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Answers to Questions about a Will, Living Will, Living Trust, and Estate Plan

Experienced Lawyers Serving Morris - Minooka - Channahon - Shorewood - Coal City - Diamond

Please click on the question below that interests you, or scroll down to read the answers to all questions.


1. I received a brochure in the mail saying I need a Living Trust. Do I?


2. I've heard that every estate plan's goal should be to avoid probate. What is probate, and why should I want to avoid it?


3. I've heard that if I just register all my accounts in joint tenancy or as payable-on-death (POD) accounts, I won't need an estate plan. Is that true?


4. I’ve heard estate planning is mainly about avoiding taxes and I don’t have a large enough estate to worry about that.  Do I still need an estate plan?


5. When I die, isn't there a law that will automatically transfer my assets to my family?


6. I've seen a computer program where I can do my own will. Why do I need a lawyer?


7. How much does an estate plan cost?


8. What might add to the cost of an estate plan?




1. I received a brochure in the mail saying I need a Living Trust. Do I?

Maybe, but maybe not. Be on the lookout for "trust mills" that try to force a one-size-fits-all solution on every individual. At HYBM, you'll meet one-on-one with an experienced estate planning attorney who will analyze your individual needs and recommend the estate plan that fits your unique situation.

That being said, a revocable trust (sometimes called a Living Trust) can be useful in streamlining the administration of an estate, planning for bequests to minor children, holding title to out-of-state real estate, and avoiding probate for many estates. However, the cost of setting up a trust and transferring assets into it may exceed its benefits in some estate planning situations.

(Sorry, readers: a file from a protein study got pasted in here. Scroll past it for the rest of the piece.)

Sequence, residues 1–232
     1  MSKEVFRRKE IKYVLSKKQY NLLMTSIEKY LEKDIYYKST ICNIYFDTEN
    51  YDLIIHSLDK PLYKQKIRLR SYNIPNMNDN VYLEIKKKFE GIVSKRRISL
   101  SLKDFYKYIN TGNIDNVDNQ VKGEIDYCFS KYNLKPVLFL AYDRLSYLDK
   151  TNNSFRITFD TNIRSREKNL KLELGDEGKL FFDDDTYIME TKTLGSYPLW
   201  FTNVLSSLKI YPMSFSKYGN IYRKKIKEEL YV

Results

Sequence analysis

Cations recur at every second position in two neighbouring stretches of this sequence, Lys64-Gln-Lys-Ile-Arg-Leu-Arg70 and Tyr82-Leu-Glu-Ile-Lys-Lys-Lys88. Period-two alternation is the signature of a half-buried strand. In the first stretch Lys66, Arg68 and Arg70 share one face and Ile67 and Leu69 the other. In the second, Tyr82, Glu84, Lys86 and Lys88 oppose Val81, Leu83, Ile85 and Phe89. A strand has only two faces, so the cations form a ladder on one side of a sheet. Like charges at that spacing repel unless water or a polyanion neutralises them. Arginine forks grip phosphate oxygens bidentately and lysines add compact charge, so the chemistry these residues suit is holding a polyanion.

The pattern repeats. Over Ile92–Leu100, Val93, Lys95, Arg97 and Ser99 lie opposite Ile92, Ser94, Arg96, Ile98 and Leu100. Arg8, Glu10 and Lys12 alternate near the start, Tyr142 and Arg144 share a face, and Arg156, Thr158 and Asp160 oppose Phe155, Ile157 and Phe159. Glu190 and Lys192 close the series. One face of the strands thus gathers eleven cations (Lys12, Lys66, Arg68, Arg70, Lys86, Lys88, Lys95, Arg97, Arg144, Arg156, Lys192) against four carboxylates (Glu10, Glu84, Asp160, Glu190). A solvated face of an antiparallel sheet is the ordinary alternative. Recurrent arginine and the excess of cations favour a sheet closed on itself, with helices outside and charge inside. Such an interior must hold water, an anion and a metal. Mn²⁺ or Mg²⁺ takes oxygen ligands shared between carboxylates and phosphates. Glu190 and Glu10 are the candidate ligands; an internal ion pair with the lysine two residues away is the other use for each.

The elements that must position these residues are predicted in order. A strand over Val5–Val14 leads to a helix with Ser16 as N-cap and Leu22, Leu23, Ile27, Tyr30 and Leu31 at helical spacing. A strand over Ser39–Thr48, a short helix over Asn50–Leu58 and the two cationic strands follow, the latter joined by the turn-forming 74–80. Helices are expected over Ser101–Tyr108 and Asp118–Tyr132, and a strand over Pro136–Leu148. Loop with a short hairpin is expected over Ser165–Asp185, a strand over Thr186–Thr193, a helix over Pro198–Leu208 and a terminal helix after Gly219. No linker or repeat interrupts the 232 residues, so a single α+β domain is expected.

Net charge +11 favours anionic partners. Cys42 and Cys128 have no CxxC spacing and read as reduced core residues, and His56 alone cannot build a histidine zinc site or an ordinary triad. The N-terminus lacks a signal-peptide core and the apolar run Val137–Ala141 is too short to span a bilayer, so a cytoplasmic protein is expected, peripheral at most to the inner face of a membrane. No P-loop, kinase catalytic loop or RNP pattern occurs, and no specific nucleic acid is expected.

2. I've heard that every estate plan's goal should be to avoid probate. What is probate, and why should I want to avoid it?

Put simply, probate is the process through which the court validates a will, empowers the executor to collect and transfer property, and sets a deadline after which creditors cannot make a claim against the estate's assets.

The "avoid-probate-at-all-costs" mantra is another one-size-fits-all solution that is not appropriate for every individual. Probate used to be an onerous, time consuming and expensive process that required a great deal of court and attorney involvement. Beginning in 1983, Illinois began to allow Independent Administration of estates, whereby executors can administer the estate with almost no court involvement.   Most estates are now probated using Independent Administration.

While many of our estate plans utilize revocable trusts, and there are legitimate reasons why some people may want to avoid probate, the cost of setting up and funding a revocable trust may be greater than the cost of probate. This is one of the issues we'll carefully evaluate when we meet with you to prepare your estate plan.

3. I've heard that if I just register all my accounts in joint tenancy or as payable-on-death (POD) accounts, I won't need an estate plan. Is that true?